On Friday, the national cabinet gave in-principle approval to a full vaccination plan of 70 per cent that would see border restrictions ease and city-wide lockdowns become unlikely, although no deadline was agreed.
When 80 per cent of the population is vaccinated it will be time to open international borders to equally protected nations.
Addressing reporters on Sunday, acting Chief Medical Officer Michael Kidd was asked how many jabs would need to be delivered each week to get 70 per cent of the population vaccinated by the end of year?
“We’re continuing to see the number of doses administered ramp up on a daily basis,” Professor Kidd replied.
“So, I’ll let you do the maths as to how quickly that will take us to get to 70 per cent.”
He said Australians continue to get vaccinated in record numbers with 110,000 jabs administered on Saturday, taking the count to over 12.3 million doses.
He added that vaccinations totalled 4.5 million doses in July, compared to 3.4 million in June and 2.1 million in May.
However that hasn’t stopped others speculating about what can be achieved by year’s end.
The nation’s vaccine co-ordinator believes with the supply coming on, there is a “fantastic chance” of getting the vast amount of Australians fully vaccinated this year.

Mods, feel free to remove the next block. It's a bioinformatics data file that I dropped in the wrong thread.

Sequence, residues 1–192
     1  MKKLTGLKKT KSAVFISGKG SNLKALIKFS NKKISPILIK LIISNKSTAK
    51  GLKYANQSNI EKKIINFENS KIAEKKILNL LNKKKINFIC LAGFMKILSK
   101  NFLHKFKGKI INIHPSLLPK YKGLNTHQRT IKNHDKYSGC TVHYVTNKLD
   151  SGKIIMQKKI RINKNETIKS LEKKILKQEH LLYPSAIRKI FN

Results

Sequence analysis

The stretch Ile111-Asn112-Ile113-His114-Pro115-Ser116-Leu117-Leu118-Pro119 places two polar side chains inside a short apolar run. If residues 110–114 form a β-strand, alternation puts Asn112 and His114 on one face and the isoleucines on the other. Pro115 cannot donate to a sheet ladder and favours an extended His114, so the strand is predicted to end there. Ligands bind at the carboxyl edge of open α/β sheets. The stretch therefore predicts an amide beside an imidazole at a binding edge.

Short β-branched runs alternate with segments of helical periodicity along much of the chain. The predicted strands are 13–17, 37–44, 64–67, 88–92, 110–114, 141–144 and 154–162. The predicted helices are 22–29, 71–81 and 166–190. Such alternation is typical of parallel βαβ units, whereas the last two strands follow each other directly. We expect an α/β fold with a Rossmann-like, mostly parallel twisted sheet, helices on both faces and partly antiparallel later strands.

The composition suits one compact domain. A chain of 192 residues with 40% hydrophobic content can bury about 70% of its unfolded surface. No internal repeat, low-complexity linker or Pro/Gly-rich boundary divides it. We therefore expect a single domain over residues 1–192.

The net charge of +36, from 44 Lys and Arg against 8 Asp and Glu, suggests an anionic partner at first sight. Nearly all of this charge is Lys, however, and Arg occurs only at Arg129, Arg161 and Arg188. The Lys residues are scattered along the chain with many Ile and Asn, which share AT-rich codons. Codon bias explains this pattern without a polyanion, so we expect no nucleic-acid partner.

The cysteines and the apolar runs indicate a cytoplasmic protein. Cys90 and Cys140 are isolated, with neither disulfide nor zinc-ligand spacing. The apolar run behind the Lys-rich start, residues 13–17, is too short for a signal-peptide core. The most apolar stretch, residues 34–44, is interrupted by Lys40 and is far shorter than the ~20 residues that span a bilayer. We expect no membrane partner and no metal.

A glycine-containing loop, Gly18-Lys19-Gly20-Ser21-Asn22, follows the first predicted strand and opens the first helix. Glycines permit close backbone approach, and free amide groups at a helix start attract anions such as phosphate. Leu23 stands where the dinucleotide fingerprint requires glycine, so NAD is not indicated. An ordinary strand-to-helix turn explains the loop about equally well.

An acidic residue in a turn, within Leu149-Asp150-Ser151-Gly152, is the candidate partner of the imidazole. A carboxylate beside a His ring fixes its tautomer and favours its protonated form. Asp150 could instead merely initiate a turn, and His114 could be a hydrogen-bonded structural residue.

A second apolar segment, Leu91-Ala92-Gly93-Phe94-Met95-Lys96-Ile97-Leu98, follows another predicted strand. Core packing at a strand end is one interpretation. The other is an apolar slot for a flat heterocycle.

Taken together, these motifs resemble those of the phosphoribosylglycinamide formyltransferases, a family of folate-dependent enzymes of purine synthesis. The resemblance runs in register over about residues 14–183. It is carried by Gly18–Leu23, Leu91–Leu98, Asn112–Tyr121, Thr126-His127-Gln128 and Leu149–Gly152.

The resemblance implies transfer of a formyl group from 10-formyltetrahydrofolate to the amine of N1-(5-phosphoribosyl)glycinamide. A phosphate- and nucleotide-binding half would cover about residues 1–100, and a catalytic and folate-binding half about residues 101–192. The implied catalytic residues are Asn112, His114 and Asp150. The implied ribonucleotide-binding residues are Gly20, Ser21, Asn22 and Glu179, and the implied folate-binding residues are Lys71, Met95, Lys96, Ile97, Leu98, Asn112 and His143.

Lieutenant General John Frewen says there are 1.5 million AstraZeneca doses available at present.
Deputy Prime Minister Barnaby Joyce says the government is striving hard to get as many people as possible by Christmas.
In the meantime, virus cases in Sydney continue to ramp up, with 239 reported on Sunday, along with another death, the 14th in this current outbreak.
Queensland also announced nine new cases on the first day of its three-day lockdown in the southeast of the state.
It was Queensland’s highest number of daily infections in almost 12 months.
Deputy Labor leader Richard Marles said it was a very unsettling and troubling period.
“It’s a reminder that we will be living in the land of the lockdown, so long as we have a vaccine rate which is at a pathetically low,” he told reporters in Melbourne on Sunday.
“That is Scott Morrison’s failure and that is why we are living in the land of the lockdown, which is being experienced by people in Brisbane, obviously people in NSW.”Jump to next article